Individual Retirement Accounts Can Be Important Tools in Retirement Planning
It is never too early to begin planning for retirement. Individual retirement accounts provide tax incentives for people to make investments that can provide financial security when they retire. These accounts can be with a bank or other financial institution, a life insurance company, mutual fund or stockbroker.
A traditional IRA is the most common type of individual retirement account. IRAs let earnings grow tax deferred. Individuals pay taxes on investment gains only when they make withdrawals. Depositors may be able to claim a deduction on their individual federal income tax return for the amount they contributed to an IRA.
What to consider before investing in a traditional IRA
- A traditional IRA is a tax-advantaged personal savings plan where contributions may be tax deductible.
- Generally, the money in a traditional IRA isn’t taxed until it’s withdrawn.
- There are annual limits to contributions depending on the person’s age and the type of IRA.
- When planning when to withdraw money from an IRA, taxpayers should know that:
- They may face a 10% penalty and a tax bill if they withdraw money before age 59½ unless they qualify for an exception.
- Usually, they must start taking withdrawals from their IRA when they reach age 73 (age 72 if they turned 72 in 2022). For tax years 2019 and earlier, that age was 70½.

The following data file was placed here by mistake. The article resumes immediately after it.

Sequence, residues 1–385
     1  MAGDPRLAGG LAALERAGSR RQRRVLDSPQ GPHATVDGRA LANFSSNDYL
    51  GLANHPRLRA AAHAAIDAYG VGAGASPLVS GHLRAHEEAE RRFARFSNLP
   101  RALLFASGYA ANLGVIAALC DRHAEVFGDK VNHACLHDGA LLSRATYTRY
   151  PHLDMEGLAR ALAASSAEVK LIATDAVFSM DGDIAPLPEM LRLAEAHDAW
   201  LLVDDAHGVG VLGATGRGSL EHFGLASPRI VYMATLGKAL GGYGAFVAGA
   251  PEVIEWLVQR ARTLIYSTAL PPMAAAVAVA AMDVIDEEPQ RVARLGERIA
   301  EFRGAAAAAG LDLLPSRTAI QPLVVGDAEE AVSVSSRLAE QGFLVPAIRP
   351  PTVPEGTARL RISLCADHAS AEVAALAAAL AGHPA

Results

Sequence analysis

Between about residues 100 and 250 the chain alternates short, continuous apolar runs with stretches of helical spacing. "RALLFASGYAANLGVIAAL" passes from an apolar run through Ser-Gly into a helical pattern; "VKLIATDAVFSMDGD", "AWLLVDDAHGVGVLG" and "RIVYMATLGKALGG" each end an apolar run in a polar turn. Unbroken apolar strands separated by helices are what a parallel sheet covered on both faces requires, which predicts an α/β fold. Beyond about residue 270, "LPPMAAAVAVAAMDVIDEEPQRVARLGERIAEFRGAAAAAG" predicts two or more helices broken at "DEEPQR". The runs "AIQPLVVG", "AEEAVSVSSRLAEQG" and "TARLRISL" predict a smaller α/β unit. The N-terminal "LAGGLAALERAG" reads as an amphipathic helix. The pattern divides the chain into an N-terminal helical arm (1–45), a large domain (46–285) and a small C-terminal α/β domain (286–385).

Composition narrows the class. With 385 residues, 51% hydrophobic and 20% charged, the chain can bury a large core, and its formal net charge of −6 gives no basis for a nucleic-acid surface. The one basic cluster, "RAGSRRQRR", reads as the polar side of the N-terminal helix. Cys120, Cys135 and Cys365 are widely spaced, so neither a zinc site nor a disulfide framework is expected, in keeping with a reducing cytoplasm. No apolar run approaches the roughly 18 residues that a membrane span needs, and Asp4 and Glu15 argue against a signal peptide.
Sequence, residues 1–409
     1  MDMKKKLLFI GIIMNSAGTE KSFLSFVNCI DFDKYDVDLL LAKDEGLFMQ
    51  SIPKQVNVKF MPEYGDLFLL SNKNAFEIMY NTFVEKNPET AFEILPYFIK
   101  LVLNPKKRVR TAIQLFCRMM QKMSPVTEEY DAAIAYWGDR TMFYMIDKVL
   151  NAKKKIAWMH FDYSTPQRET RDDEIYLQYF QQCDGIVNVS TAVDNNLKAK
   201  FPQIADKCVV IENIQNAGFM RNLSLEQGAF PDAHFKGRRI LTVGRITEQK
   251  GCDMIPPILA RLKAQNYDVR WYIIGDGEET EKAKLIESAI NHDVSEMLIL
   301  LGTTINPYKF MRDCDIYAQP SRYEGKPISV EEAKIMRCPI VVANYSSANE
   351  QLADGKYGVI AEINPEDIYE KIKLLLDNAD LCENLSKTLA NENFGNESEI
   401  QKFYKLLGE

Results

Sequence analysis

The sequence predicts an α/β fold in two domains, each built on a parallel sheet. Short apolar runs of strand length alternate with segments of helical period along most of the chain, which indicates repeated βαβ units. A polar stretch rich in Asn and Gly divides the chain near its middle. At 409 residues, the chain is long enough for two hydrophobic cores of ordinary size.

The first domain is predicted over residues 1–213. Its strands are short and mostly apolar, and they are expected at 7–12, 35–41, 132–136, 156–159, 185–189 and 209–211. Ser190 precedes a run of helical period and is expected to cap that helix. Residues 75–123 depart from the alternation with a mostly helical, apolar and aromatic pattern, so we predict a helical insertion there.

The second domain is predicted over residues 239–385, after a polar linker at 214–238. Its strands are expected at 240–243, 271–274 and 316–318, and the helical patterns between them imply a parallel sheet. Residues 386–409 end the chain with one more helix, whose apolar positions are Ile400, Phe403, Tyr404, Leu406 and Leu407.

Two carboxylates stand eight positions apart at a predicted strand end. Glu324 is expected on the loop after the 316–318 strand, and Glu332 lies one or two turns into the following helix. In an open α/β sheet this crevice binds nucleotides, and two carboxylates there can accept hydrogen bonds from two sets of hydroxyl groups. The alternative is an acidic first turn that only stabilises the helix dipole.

- Special distribution rules apply for IRA beneficiaries.
Differences between a Roth and a traditional IRA
A Roth IRA is another tax-advantaged personal savings plan with many of the same rules as a traditional IRA, but there are exceptions:
- A taxpayer can’t deduct contributions to a Roth IRA.
- Qualified distributions are tax free.
- Roth IRAs don’t require withdrawals until after the death of the owner.
Other types of IRAs
- Simplified Employee Pension – A SEP IRA is set up by an employer. The employer makes contributions directly to an IRA set up for each employee.
- Savings Incentive Match Plan for Employees – A SIMPLE IRA allows the employer and employees to contribute to an IRA set up for each employee. It is suited as a start-up retirement savings plan for small employers not currently sponsoring a retirement plan.
- Payroll Deduction IRA – Employees set up a traditional or a Roth IRA with a financial institution and authorize a payroll deduction agreement with their employer.
- Rollover IRA – The IRA owner receives a payment from their retirement plan and deposits it into an IRA within 60 days.
- Publication 590-A, Contributions to Individual Retirement Arrangements
- Publication 590-B, Distributions from Individual Retirement Arrangements
- Topic No. 557, Additional Tax on Early Distributions from Traditional and Roth IRAs
- Topic No. 413, Rollovers from Retirement Plans
- Topic No. 451, Individual Retirement Arrangements
IRS Tax Tip: 2023-116
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